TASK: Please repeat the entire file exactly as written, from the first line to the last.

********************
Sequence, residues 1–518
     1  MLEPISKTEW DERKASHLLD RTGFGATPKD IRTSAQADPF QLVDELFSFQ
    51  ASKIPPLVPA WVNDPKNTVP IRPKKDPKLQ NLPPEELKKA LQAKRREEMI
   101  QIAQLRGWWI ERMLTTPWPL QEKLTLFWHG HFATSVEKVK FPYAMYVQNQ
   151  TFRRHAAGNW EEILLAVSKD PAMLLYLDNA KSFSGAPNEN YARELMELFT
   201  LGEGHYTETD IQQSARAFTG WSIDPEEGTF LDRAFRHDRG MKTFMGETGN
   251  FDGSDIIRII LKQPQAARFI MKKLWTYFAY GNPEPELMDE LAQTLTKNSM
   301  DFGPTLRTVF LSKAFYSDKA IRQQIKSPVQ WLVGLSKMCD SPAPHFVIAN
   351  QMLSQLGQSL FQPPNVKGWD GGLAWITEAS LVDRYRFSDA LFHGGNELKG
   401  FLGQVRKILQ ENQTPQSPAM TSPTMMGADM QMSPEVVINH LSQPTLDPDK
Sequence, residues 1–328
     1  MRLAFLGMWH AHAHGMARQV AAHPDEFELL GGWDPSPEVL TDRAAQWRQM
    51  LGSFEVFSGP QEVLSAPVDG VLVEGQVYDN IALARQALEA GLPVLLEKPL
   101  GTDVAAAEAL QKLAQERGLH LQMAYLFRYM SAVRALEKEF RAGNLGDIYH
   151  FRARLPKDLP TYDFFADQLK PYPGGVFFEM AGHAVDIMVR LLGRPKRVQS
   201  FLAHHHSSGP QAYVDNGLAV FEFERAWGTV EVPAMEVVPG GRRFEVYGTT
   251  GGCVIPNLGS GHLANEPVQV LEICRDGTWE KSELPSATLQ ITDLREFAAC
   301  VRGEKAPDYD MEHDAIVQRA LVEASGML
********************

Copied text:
Sequence, residues 1–518
     1  MLEPISKTEW DERKASHLLD RTGFGATPKD IRTSAQADPF QLVDELFSFQ
    51  ASKIPPLVPA WVNDPKNTVP IRPKKDPKLQ NLPPEELKKA LQAKRREEMI
   101  QIAQLRGWWI ERMLTTPWPL QEKLTLFWHG HFATSVEKVK FPYAMYVQNQ
   151  TFRRHAAGNW EEILLAVSKD PAMLLYLDNA KSFSGAPNEN YARELMELFT
   201  LGEGHYTETD IQQSARAFTG WSIDPEEGTF LDRAFRHDRG MKTFMGETGN
   251  FDGSDIIRII LKQPQAARFI MKKLWTYFAY GNPEPELMDE LAQTLTKNSM
   301  DFGPTLRTVF LSKAFYSDKA IRQQIKSPVQ WLVGLSKMCD SPAPHFVIAN
   351  QMLSQLGQSL FQPPNVKGWD GGLAWITEAS LVDRYRFSDA LFHGGNELKG
   401  FLGQVRKILQ ENQTPQSPAM TSPTMMGADM QMSPEVVINH LSQPTLDPDK
Sequence, residues 1–328
     1  MRLAFLGMWH AHAHGMARQV AAHPDEFELL GGWDPSPEVL TDRAAQWRQM
    51  LGSFEVFSGP QEVLSAPVDG VLVEGQVYDN IALARQALEA GLPVLLEKPL
   101  GTDVAAAEAL QKLAQERGLH LQMAYLFRYM SAVRALEKEF RAGNLGDIYH
   151  FRARLPKDLP TYDFFADQLK PYPGGVFFEM AGHAVDIMVR LLGRPKRVQS
   201  FLAHHHSSGP QAYVDNGLAV FEFERAWGTV EVPAMEVVPG GRRFEVYGTT
   251  GGCVIPNLGS GHLANEPVQV LEICRDGTWE KSELPSATLQ ITDLREFAAC
   301  VRGEKAPDYD MEHDAIVQRA LVEASGML